Visit the
Molecular Expressions Website

Galleria
Photo Gallery
Silicon Zoo
Chip Shots
Screen Savers
Museum
Web Resources
Primer
Java Microscopy
Win Wallpaper
Mac Wallpaper
Publications
Custom Photos
Image Use
Contact Us
Search
Home

Darkfield Digital Image Gallery

Planaria

Planaria are members of the phylum Platyhelminthes (flatworms) in the class Turbellaria. Unlike some of the related parasites in the classes Cestoda (tapeworms) and Trematoda (flukes), planarians are largely free-living, freshwater invertebrates found in or near the sediments of ponds and streams. With triangular heads, flat worm-like bodies, and paired eyespots (ocelli) that give the appearance of being cross-eyed, the bilaterally symmetrical turbellarians are relatively easy to recognize. A piece of liver tied to a string makes a great attractant for planaria when tossed into a pond or slow-moving river.

These flatworms dwell under rocks, submerged leaves, and other debris, and feed on aquatic insects, microcrustaceans, and proteinaceous detritus as scavengers, using a retractable pharynx. Secreted enzymes from the mouth partially digest the prey while it is pinned by the pharynx. Once softened, the mouth sucks in the food and digestion is completed. As negatively phototropic, the eyespots do not actually form images, but detect light, which the crawling or gliding invertebrate actively avoids. Rather than actually swimming, turbellarians propel themselves on hairlike cilia on their ventral surface or by bending using their musculature. Commonly found genera include Dugesia and Stenostomum in quiet waters, and Polycelis ("many eyed") and Phagocata in streams, springs, and other flowing waters.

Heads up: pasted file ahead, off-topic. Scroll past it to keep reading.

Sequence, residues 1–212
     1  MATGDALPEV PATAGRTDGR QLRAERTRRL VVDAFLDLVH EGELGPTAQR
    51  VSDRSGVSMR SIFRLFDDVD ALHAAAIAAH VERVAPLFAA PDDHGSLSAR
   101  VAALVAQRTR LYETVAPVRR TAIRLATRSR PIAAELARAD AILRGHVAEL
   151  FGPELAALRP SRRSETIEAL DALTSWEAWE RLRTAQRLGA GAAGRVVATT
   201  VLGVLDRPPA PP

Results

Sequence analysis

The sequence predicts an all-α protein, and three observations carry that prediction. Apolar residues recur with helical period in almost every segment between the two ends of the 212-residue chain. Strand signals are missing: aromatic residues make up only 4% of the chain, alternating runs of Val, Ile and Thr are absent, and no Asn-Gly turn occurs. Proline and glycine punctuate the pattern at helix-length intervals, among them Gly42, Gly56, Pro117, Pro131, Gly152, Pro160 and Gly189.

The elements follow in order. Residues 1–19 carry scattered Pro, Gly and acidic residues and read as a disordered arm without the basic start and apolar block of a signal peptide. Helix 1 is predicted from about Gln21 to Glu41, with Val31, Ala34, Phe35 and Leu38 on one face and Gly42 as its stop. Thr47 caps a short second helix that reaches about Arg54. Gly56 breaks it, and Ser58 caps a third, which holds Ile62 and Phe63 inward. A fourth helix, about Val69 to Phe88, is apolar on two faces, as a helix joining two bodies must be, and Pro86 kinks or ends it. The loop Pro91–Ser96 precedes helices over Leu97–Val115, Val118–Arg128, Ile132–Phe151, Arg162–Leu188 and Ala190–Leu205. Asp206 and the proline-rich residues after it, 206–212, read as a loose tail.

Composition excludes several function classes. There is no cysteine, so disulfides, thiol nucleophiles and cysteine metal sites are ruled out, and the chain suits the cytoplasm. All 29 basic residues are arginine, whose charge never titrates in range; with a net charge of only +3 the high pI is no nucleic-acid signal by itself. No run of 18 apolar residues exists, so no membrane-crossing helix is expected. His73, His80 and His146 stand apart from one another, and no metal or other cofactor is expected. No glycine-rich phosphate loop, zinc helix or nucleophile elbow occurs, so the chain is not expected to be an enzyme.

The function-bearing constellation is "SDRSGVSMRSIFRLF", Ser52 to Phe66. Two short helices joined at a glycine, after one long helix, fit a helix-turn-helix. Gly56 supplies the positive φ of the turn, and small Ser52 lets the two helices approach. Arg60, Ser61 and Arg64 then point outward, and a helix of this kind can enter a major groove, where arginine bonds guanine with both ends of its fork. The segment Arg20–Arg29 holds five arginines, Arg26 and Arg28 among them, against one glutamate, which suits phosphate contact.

Although they have primitive brains and central nervous systems, planarians can be taught simple tasks such as traveling through a maze to feed, or to respond to other stimuli. While conducting regeneration experiments, researchers discovered that the flatworms could pass such conditioned responses on to "offspring" created by regeneration. Unlike higher invertebrates, flatworms possess a blind gut instead of an anus. This structure branches throughout their bodies and excretory systems and includes specialized flame cells running the length of the body. In addition to reproducing asexually by regeneration, the hermaphroditic planaria feature an internal reproductive system. When two flatworms join, each exchanges sperm and fertilizes the other's eggs.

Contributing Authors

Cynthia D. Kelly, Thomas J. Fellers and Michael W. Davidson - National High Magnetic Field Laboratory, 1800 East Paul Dirac Dr., The Florida State University, Tallahassee, Florida, 32310.


BACK TO THE DARKFIELD IMAGE GALLERY

BACK TO THE DIGITAL IMAGE GALLERIES

Questions or comments? Send us an email.
© 1995-2013 by Michael W. Davidson and The Florida State University. All Rights Reserved. No images, graphics, software, scripts, or applets may be reproduced or used in any manner without permission from the copyright holders. Use of this website means you agree to all of the Legal Terms and Conditions set forth by the owners.
This website is maintained by our
Graphics & Web Programming Team
in collaboration with Optical Microscopy at the
National High Magnetic Field Laboratory.
Last Modification Friday, Aug 01, 2003 at 10:43 AM
Access Count Since September 17, 2002: 23879
Visit the website of our partner in introductory microscopy education: